India observes March 23 as the Shaheed Diwas or Martyrs’ Day. The day remembers the hanging of India’s three freedom fighters Bhagat Singh, Shivaram Rajguru and Sukhdev Thapar.
The three young freedom fighters, who had confidence in the philosophy of making some commotion to awaken the sleeping British rulers, were hanged by the colonialists on March 23, 1931 in Lahore Jail. Head of the triplet and perhaps the most worshipped young voice from Punjab was Bhagat Singh, who was brought into the world on September 28, 1907 in Lyallpur, Punjab. Along with his colleagues Sukhdev, Azad, Gopal and Rajguru, Singh battled against the British.
They were deeply affected by the assassination of Lala Lajpat Rai, another activist in Indian freedom movement. A legal advisor, Rai drove a peaceful protest against the Simon Commission when it visited Lahore on October 30, 1928. The British Raj police returned with deadly power, doing a lathi-charge. It was during this lathi charge that Singh saw a merciless assault on Rai, who endured genuine wounds in the police attack and in the end died on November 17, 1928, of a cardiovascular failure.
Sukhdev, who was born on May 15 1907 in Ludhiana, interacted with Singh in 1921 when he was a student in National College. He joined the underground progressive association, Hindustan Republican Association (HRA), which included Singh, Rajguru and Chandrashekhar Azad. The affiliation announced itself communist in 1928.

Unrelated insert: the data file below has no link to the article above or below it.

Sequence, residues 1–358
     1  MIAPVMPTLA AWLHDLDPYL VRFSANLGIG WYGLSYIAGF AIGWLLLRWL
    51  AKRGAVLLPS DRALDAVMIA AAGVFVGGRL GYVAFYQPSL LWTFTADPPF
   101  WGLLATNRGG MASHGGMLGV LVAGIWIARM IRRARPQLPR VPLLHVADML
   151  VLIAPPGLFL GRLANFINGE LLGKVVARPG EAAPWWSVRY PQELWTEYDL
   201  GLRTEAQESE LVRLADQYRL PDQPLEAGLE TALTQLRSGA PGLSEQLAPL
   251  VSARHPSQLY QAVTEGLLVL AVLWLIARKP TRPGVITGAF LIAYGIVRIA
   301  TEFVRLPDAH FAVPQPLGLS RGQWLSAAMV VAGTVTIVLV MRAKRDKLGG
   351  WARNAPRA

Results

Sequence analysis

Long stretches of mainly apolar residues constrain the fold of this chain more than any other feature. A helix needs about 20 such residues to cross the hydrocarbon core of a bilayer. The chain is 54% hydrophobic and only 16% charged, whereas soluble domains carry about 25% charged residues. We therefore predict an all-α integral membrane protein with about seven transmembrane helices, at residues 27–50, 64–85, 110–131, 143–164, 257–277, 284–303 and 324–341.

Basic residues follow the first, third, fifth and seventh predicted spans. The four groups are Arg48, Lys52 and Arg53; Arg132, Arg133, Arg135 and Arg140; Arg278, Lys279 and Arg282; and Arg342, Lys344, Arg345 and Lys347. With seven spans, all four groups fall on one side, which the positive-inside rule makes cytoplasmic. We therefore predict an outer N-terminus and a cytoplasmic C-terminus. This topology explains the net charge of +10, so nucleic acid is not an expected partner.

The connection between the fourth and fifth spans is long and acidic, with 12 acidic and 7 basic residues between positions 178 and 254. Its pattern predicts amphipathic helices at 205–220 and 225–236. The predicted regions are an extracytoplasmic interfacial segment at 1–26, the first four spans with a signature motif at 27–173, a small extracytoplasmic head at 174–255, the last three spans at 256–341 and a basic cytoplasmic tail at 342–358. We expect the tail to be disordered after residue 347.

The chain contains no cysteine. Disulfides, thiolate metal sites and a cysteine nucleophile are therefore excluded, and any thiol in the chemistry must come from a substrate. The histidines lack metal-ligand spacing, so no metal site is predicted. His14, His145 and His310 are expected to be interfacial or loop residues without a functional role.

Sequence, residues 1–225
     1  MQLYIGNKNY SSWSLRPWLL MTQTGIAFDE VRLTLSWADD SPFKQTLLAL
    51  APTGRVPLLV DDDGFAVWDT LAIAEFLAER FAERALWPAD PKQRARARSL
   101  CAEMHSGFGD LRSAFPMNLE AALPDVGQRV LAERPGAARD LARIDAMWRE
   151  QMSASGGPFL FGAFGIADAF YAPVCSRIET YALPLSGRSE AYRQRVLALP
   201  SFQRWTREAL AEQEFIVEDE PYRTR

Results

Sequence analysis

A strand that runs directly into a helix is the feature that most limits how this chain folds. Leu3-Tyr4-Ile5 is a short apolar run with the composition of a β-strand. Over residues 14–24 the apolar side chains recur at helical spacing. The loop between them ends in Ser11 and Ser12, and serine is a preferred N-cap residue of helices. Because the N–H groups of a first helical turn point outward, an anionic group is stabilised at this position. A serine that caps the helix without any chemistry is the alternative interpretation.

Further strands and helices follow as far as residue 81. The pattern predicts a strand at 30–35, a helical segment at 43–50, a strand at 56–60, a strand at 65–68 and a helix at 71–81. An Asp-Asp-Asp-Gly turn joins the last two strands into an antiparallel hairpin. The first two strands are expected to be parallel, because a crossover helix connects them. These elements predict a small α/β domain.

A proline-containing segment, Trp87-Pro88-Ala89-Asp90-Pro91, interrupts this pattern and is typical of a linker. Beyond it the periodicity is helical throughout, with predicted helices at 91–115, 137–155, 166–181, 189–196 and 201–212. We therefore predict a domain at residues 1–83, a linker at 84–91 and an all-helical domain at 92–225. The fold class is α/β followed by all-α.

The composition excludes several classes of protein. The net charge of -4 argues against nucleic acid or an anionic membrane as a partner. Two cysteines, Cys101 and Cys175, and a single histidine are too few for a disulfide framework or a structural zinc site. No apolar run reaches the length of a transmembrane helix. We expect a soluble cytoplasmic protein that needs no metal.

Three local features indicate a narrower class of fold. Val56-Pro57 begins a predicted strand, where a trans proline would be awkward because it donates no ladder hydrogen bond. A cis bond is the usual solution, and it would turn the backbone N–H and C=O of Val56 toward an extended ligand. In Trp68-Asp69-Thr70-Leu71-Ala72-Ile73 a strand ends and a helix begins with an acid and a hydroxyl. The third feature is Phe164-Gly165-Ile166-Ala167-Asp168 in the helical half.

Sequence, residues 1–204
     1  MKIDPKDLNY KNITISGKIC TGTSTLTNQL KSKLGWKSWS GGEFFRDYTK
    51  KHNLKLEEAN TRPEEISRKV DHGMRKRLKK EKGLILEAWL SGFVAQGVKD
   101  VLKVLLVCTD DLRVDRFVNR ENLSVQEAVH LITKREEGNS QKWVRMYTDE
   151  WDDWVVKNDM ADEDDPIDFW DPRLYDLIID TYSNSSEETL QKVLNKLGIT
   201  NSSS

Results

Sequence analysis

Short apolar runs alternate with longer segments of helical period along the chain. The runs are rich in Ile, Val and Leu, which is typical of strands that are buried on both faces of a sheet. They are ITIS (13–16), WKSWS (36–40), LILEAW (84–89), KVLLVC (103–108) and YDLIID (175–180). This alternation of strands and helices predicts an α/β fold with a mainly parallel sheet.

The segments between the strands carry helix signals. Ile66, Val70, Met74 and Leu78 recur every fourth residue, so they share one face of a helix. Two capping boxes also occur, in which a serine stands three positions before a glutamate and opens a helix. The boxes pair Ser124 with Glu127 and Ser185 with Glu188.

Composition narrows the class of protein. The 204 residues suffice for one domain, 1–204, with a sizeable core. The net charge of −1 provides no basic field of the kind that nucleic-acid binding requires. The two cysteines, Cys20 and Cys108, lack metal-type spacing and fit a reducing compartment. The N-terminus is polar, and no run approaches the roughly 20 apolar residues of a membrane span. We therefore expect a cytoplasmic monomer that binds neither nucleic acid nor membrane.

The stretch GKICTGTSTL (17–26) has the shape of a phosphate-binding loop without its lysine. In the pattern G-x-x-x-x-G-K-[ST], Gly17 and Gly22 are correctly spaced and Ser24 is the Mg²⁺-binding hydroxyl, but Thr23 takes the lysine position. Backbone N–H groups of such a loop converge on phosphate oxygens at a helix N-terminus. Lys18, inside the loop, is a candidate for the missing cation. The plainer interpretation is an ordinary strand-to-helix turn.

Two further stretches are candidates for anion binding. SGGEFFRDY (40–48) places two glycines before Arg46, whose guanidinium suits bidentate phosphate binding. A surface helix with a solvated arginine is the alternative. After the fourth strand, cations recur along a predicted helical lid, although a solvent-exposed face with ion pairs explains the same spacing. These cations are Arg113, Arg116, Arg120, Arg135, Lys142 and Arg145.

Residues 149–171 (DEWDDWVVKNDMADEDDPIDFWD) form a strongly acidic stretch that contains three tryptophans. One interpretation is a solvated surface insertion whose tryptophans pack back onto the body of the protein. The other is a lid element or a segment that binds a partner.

Singh and his companions chose to strike back at the British in their own manner. In 1928, they decided to kill a police supremo responsible for Rai’s death, one of the originators of National College, during a quiet walk contradicting the Simon Commission. Anyhow they could not find their objective and junior official J.P. Saunders got killed. Singh, Sukhdev and Rajguru needed to escape Lahore to get away from capital punishment.
In 1929, he and a partner tossed a bomb at the Central Legislative Assembly in Delhi to fight the imposition of the Defense of India Act by cheering the slogan of “Inquillab Zindabad”. Apart from being a freedom fighter, Singh likewise functioned as an author and supervisor in Amritsar for Punjabi and Urdu language papers that discussed theories of Marxism.